8 Questions With Long Island Poet Matt Pasca

Matt Pasca just can’t keep himself from writing. “There are the stolen moments, stopped at a STOP sign talking into my phone, on the plane…” Writing is how the Long Island teacher, poet, editor and reading series curator interacts with the world and how he seeks to build community.

“Really, I write to discover what I’m thinking and feeling,” Pasca said.

Pasca chatted with Pulse about his latest poetry collection, Raven Wire, published this March by Shanti Arts and the Bay Shore poetry series he runs with his wife, Terri Muuss, called “Second Saturdays at Cyrus Chai & Coffee Co.”

PASCA_RAVEN_COVER_FRONTLong Island Pulse: Your first poetry collection (A Thousand Doors) came out in 2011, was the plan always another book?
Matt Pasca: I thought when I was done with A Thousand Doors it would be a while and the opposite was true. I think a lot of artists have this experience when they are done with a project, they think they’ll take a break but what it really does is create space for new things to come, and in the next 15 months I really wrote most of Raven Wire.

Pulse: What’s different this time around, and what will people who read A Thousand Doors notice about Raven Wire?
Pasca: Well, I hope they notice I’ve grown as a writer. I think my focus is more acutely outward this time around. There’s still a lot about being a father, love poems to my wife and poems about my past, but the tone and tenor of the collection is how the self takes in the external world. We live in an increasingly pre-packaged world of bias and sound bites and we are expected to like or dislike things. Instead of that I’m interested in focusing on the truth beneath, which is our complex interaction with the world.

Pulse: Tell me about the title, Raven Wire, what does it mean?
Pasca: I teach mythology and there’s this story about the Norse god Odin seeking wisdom and understanding. He becomes the god of poetry but one of the ways he gains wisdom is he has two ravens and they travel around the world and bring back information in the form of thought and memory. For me the myth encapsulates the notion that there’s an art of listening and attention and stillness that is required to create art. Raven Wire is in many ways about the connection we can develop to the information all around us.

Pulse: Describe the collection in Raven Wire for us, what are a few poems we should look for?
Pasca:  I wanted to write a title poem, I was always envious of people who wrote title poems. “Raven Wire” uses Odin and raven imagery. It’s about us as people and artists trying to stay connected to something true regardless of what’s thrown at us in TV advertisements and flashing lights.“To the Landlocked” is a poem written to those who do not live near water; it attempts to communicate intangible truths about life on this island, living so close to the sea.

Pulse: What draws you to poetry versus some other form of art?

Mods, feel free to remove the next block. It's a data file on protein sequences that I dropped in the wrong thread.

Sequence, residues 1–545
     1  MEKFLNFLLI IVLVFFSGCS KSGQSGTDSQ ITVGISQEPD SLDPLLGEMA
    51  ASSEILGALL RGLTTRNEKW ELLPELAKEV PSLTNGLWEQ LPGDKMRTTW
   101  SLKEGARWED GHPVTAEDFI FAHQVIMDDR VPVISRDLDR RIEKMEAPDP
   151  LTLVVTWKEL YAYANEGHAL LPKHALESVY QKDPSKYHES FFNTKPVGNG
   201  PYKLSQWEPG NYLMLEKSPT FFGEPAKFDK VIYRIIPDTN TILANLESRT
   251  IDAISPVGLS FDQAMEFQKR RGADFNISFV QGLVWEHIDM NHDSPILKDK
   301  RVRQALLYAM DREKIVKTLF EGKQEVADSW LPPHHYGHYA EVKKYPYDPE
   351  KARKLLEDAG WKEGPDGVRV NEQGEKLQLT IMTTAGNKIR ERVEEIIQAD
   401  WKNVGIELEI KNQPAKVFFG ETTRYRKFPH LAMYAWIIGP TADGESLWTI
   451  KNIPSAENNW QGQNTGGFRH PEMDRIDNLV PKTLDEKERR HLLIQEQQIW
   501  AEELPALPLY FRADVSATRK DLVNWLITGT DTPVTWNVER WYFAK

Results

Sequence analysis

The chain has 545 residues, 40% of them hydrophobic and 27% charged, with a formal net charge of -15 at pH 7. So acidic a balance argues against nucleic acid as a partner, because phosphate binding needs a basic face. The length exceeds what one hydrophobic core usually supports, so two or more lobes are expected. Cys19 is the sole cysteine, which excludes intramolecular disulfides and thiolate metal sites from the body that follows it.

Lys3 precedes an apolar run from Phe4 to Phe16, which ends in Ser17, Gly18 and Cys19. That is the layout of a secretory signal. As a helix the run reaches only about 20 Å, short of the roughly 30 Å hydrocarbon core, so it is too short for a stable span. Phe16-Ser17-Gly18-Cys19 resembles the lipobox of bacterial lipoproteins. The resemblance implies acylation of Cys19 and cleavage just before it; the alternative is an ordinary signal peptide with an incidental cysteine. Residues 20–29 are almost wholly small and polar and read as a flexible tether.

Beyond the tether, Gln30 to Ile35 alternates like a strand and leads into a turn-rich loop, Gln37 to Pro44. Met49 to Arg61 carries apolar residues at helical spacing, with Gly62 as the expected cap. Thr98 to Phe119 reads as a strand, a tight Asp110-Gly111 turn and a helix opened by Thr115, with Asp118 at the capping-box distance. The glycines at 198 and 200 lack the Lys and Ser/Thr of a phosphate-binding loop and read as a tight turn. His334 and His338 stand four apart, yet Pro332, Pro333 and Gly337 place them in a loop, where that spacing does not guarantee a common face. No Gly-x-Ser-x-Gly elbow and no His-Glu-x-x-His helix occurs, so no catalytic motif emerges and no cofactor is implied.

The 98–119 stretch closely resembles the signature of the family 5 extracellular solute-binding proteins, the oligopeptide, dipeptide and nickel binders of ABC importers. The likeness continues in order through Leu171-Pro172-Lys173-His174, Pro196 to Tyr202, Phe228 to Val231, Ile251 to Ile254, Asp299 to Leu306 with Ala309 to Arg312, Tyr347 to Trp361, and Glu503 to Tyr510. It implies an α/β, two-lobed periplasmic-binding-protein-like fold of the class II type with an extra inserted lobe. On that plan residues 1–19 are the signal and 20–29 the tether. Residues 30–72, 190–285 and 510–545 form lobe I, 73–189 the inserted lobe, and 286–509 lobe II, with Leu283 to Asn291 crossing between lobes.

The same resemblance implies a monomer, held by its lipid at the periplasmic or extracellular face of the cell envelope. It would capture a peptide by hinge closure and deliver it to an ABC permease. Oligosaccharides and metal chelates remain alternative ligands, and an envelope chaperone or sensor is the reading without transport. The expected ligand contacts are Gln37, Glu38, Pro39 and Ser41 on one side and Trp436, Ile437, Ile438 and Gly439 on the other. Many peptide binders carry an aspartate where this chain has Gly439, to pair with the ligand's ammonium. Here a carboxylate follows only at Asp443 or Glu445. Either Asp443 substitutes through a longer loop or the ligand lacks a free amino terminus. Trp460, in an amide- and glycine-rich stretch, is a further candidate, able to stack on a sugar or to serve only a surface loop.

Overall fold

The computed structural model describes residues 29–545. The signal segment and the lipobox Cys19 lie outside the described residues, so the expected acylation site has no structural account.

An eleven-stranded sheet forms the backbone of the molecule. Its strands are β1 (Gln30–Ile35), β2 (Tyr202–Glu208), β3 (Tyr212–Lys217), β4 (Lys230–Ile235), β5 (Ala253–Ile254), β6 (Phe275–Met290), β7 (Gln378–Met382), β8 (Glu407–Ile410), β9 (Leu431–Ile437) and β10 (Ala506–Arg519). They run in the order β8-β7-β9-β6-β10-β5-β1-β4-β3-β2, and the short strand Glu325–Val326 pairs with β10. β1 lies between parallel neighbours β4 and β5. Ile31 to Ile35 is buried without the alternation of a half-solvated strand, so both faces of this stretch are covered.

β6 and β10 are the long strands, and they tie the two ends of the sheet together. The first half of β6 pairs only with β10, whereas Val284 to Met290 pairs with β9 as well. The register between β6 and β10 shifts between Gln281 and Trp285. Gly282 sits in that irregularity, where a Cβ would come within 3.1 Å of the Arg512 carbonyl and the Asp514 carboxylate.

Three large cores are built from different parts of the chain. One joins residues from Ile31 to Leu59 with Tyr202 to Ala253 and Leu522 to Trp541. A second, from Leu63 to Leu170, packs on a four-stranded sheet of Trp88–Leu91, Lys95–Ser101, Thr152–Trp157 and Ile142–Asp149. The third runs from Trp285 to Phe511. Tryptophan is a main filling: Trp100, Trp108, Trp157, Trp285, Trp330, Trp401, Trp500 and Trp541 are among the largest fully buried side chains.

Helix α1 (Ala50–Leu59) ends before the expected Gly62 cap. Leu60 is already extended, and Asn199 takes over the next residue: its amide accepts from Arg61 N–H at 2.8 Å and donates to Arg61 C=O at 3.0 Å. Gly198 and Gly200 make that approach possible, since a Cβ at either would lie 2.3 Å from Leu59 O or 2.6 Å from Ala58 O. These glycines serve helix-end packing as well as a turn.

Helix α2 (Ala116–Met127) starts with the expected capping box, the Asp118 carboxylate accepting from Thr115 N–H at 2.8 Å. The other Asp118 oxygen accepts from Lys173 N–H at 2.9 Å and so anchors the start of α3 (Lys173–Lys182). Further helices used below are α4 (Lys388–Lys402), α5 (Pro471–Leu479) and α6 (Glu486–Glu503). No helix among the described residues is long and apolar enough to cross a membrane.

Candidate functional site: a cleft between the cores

Pasca: For me poetry makes the most sense. I love the idea of a poem being a singular project or sculpture of how words move around silence. You have a page of nothing and then every decision you make creates an experience for the reader. It’s very intense and intimate if done well, and I like the challenge of creating a universe, articulating a truth and connecting with a person in a short amount of time.

Pulse: You’re a high school teacher, husband and father…how do you balance it all with writing and completing the book?
Pasca: A lot of people ask my wife and I how we do it, we have two children, we’re active parents, we have a poetry series we run, she directs plays and has a private practice. But really the two of us are excellent teammates. We take care of our marriage and our connection and that helps us do everything else. The pragmatic answer is we have a very large calendar, and we have a planning session before every week.

Pulse: Tell us about the poetry series, how did it come about and what can we expect if we go?
Pasca: My wife and I love to do things together. We dig each other endlessly. There are so many poetry events on Long Island but there’s not much on the South Shore and we wanted to use our connections to build community, which in suburbia is difficult to do but necessary.

It takes place the second Saturday of each month from 7-10pm, free of charge. We have two features, normally poets, sometimes fiction writers. They have 15 to 20 minutes and then we have open mic, 20 slots, they normally all fill up.  It’s just a wonderful environment.

Pulse: What’s next for you? Should we expect another collection?
Pasca: I need to write, it’s a fundamental way I interact with the world and myself so I have lot of material, but it’s my wife’s turn. We take turns, so she’s working on a manuscript and I’m supporting that and working on promoting Raven Wire. We’re also curating and running workshops and performing our own work at a variety of venues so there’s a lot going on. I certainly have some manuscripts on the horizon, though!